Long before the Cultural Revolution, Qian Zhongshu had earned a reputation as one of China's most promising writers of fiction. He is immortalised as Mo-cun, the wry and phlegmatic hero of his wife Yang Jiang's Six Chapters from a Cadre's Life (1980). His Fortress Besieged (1947), a leisurely picaresque novel, occupies a watershed position in 20th-century Chinese fiction. Drawing on traditional Chinese techniques of social satire and storytelling, the novel also displays the influences of Western modernism.
It focuses on the experiences of one protagonist, the hapless and unheroic Fang Hung-chien, who returns to China from Europe with a bogus doctorate in search of a life and a wife (and doesn't do too well on either count). Though he courts many women, Fang's final choice proves to be erratic; we leave him on the brink of a break-up and a breakdown.
Yang's elliptical memoir of how she survived her Cultural Revolution experiences of "re-education" in the countryside is illuminated by a compelling portrayal of her long and trusting marriage to Qian. It's ironic, then, that the work for which her husband is celebrated cites a French proverb: "Marriage is like a fortress besieged; those who are outside want to get in, and these who are inside want to get out.'"
Qian doesn't see relationships between the men and women with any grace or graciousness: there are constant reminders of Sartre's belief that hell was other people. Two women appear in the hilarious opening section, which deals with Fang's journey back to China; others follow. None of them, including the one Fang eventually marries, is portrayed with any sympathy. But neither are the men.
Qian delights in tricks, subterfuges and double exposures. Here, he is equally concerned with the postures of Westernised pseudo-intellectuals towards art, life and history, and the changing attitudes of men and women to each other. History, too, casts a spotlight on the book. It is set during the early stages of the Sino-Japanese war, and though Qian makes no explicit comment the desperation of the protagonists can be seen as frantic displacement.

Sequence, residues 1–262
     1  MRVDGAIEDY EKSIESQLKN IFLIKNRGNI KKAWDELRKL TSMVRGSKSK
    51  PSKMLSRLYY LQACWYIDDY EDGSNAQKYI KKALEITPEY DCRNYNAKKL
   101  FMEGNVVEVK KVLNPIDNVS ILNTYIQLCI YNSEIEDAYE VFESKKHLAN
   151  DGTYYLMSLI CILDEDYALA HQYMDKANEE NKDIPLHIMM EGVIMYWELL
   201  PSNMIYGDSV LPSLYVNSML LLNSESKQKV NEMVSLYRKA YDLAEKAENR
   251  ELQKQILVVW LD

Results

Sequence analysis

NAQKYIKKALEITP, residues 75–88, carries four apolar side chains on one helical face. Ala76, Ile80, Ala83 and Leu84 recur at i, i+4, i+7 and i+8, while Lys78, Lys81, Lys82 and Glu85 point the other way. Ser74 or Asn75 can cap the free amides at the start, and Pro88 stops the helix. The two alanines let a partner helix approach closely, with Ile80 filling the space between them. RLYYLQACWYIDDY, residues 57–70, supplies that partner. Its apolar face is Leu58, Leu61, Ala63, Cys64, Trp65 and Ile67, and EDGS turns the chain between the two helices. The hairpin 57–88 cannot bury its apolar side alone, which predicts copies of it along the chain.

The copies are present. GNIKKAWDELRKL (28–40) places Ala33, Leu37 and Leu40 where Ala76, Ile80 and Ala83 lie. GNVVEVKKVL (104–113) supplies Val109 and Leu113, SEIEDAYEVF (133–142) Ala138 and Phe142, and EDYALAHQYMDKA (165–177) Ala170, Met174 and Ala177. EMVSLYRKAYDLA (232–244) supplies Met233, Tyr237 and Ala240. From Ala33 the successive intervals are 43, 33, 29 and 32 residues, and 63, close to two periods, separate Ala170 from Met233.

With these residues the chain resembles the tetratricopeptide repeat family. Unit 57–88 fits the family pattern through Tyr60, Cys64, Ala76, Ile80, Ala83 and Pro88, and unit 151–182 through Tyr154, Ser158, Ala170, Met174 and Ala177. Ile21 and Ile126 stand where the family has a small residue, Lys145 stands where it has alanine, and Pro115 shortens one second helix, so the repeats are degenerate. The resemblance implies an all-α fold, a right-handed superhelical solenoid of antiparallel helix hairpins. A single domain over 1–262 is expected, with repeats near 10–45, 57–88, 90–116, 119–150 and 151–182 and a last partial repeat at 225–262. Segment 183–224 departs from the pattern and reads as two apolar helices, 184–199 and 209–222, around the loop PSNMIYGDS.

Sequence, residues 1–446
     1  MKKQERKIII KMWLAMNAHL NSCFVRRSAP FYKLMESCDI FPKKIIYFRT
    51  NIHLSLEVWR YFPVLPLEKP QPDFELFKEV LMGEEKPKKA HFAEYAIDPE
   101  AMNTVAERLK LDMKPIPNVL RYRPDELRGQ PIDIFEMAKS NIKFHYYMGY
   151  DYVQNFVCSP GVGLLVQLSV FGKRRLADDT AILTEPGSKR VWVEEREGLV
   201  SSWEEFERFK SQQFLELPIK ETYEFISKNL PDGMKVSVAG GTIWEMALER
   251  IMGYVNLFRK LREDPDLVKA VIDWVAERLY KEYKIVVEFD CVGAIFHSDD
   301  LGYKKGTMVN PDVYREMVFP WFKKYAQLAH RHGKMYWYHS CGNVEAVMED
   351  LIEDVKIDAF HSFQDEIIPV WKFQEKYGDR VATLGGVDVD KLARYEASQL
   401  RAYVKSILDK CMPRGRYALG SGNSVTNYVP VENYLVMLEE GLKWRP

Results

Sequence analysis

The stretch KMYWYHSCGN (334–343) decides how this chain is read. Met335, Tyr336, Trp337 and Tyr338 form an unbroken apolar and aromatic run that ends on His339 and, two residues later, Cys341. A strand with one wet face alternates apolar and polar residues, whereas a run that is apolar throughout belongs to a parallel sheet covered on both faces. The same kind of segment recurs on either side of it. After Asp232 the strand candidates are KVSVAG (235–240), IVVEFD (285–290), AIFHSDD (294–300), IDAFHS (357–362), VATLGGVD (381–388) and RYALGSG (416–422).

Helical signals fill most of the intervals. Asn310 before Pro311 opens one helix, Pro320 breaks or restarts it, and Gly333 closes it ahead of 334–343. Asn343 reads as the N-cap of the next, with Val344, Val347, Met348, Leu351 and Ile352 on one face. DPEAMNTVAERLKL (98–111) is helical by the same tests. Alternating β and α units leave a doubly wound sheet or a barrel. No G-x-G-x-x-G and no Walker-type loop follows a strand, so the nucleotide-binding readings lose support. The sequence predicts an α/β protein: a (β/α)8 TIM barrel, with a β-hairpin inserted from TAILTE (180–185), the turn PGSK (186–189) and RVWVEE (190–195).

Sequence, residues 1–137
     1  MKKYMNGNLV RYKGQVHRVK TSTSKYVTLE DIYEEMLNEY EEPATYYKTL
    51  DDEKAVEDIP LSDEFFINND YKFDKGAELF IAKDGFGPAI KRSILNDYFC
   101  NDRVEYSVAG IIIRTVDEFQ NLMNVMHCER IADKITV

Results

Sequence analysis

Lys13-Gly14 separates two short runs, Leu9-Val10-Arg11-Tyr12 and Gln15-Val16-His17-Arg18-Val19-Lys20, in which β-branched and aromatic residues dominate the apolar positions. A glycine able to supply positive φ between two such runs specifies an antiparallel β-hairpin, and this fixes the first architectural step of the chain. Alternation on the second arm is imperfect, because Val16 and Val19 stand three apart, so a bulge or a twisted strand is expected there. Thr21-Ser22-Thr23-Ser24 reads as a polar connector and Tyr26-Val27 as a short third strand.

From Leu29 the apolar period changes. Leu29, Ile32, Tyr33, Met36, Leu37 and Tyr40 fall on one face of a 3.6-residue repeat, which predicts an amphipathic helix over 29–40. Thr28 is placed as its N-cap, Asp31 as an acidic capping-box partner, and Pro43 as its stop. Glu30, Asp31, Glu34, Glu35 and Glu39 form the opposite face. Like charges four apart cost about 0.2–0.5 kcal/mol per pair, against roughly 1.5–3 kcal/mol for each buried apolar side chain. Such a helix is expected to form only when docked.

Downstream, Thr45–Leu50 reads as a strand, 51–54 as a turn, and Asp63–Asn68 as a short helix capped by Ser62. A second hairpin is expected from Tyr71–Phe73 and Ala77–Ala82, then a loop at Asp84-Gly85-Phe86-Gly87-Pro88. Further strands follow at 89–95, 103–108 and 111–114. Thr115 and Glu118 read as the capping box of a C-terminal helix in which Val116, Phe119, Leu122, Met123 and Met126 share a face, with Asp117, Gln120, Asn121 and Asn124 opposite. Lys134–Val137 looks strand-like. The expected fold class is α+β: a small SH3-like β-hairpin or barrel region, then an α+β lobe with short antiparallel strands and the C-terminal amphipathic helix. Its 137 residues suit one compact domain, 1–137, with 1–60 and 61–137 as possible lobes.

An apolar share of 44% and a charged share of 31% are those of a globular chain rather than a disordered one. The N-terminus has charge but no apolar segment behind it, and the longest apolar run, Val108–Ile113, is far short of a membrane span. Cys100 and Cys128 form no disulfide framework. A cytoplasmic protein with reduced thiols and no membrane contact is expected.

Qian transforms, and subverts, his own experiences with panache. A scholar who after an Oxford education returned to pre-liberation China and stayed on during the Mao years, he was, at the time he wrote the novel, already a happily married man. Jiang was with him in Oxford while he wrote his dissertation.
Like his marital adventure, Fang's academic career, too, reverses his creator's. Qian did very well at Oxford, writing about European literary images of China. Fang - in one of the novel's wickedest set pieces - sends off for a fake degree and cheats the fraud who tries to cheat him.
Fortress Besieged retained a cult reputation during the Mao years. After the fall of the Gang of Four, it enjoyed a full-scale revival, influencing a new generation. Ye Zhaoyan, whose Nanjing 1937: a love story (Faber) echoes and in some ways deepens Qian's work, actually wrote his thesis on this novel.
Qian's ability to see his life and times through the lens of very dark humour, along with his talent for incidental cultural and social observation and his cold and cruel wit, mark out this novel as one of its time's most original works. Fortress Besieged is also entirely devoid of the kind of ideological zeal that mars even some of the finest fictions by Qian's more politically motivated contemporaries. Its long-delayed reappearance of in English - perhaps as a cultural curiosity, definitely as a period piece of distinction - reminds us of those other hidden classics from pre-liberation China that await international recognition: among them, Ba Jin's Family and Xiao Hong's Tales of Hulan River.
Aamer Hussein's 'This Other Salt' has been reissued by Saqi
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